The National Pastime, Volume 11: A Review of Baseball Historyby Society for American Baseball Research (SABR)
The National Pastime offers baseball history available nowhere else. Each fall this publication from the Society for American Baseball Research (SABR) explores baseball history with fresh and often surprising views of past players, teams, and events. Drawn from the research efforts of more than 6,700 SABR members, The National Pastime establishes an/i>/i>
The National Pastime offers baseball history available nowhere else. Each fall this publication from the Society for American Baseball Research (SABR) explores baseball history with fresh and often surprising views of past players, teams, and events. Drawn from the research efforts of more than 6,700 SABR members, The National Pastime establishes an accurate, lively, and entertaining historical record of baseball.
A Note from the Editor, John B. Holway:
If time is a river, just where are we now as we float with the current? Where have we been? Where may we be going on this journey?
I thought it would be fun to take readings of our position by looking at where our game, and by extension, our country, and our world were one, two, three, and more generations ago.
Mark Twain once wrote that biography is a matter of placing lamps at intervals along a person's life. He meant that no biographer can completely illuminate the entire story. But if we use his metaphor and place lamps at 25-year intervals in the biography of baseball, we can perhaps more dramatically see our progress, which we sometimes lose sight of in a day-by-day or year-by-year narrative history. We can see the game (and the world) as mom and dad saw it in 1961, as our grandparents saw it in 1941, our great grandparents in 1916, and so on back to 1841.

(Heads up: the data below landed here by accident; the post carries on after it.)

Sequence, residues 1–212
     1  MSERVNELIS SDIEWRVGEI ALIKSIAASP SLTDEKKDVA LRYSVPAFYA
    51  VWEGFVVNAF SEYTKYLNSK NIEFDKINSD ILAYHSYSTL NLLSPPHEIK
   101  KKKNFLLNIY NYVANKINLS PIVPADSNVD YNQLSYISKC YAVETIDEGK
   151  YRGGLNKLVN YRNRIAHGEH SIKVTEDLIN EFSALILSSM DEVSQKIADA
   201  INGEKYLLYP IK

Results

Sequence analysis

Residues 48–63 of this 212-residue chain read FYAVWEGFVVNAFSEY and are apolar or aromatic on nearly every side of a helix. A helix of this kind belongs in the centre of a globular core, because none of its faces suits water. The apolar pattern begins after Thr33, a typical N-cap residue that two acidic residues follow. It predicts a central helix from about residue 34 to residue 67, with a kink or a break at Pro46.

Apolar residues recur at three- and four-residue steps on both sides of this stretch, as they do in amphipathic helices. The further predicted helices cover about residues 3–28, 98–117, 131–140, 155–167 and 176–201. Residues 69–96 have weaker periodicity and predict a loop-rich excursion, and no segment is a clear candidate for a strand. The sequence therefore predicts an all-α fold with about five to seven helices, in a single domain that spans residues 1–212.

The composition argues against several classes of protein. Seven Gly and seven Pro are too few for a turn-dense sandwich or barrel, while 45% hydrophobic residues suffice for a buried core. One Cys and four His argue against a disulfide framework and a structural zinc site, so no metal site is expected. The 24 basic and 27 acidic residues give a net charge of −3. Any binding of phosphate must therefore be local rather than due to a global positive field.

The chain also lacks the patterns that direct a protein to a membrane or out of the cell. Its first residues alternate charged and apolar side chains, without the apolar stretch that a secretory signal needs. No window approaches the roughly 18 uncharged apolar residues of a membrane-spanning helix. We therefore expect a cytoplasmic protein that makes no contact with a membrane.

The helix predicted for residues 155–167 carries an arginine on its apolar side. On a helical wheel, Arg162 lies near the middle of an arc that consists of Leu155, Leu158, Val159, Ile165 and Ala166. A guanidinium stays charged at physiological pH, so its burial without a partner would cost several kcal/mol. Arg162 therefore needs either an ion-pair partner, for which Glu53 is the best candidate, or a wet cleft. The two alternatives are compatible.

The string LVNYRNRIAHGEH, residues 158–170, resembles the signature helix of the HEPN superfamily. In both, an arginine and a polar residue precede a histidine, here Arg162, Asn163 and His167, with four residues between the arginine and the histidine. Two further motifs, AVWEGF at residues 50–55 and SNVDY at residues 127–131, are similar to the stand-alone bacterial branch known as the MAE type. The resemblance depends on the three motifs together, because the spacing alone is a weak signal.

Fifty years from now some of our SABR members of today will write the history of 1991, as they look back from the vantage point of 2041. How will we and our world look to their grandchildren, who will read those histories? What stories will they cover—Rickey Henderson and Nolan Ryan? Jose Canseco and Cecil Fielder? The Twins and the Braves? Toronto's 4 million fans? What things do we take for granted that they will find quaint? What kind of game will the fans of that future world be seeing? What kind of world, beyond sports, will they live in?
It's to today's young people, the historians of tomorrow, and to their children and grandchildren that we dedicate this issue—from the SABR members of 1991 to the SABR members of 2041—with prayers that you will read it in a world filled with excitement and peace, where all your battles will be for pennants.
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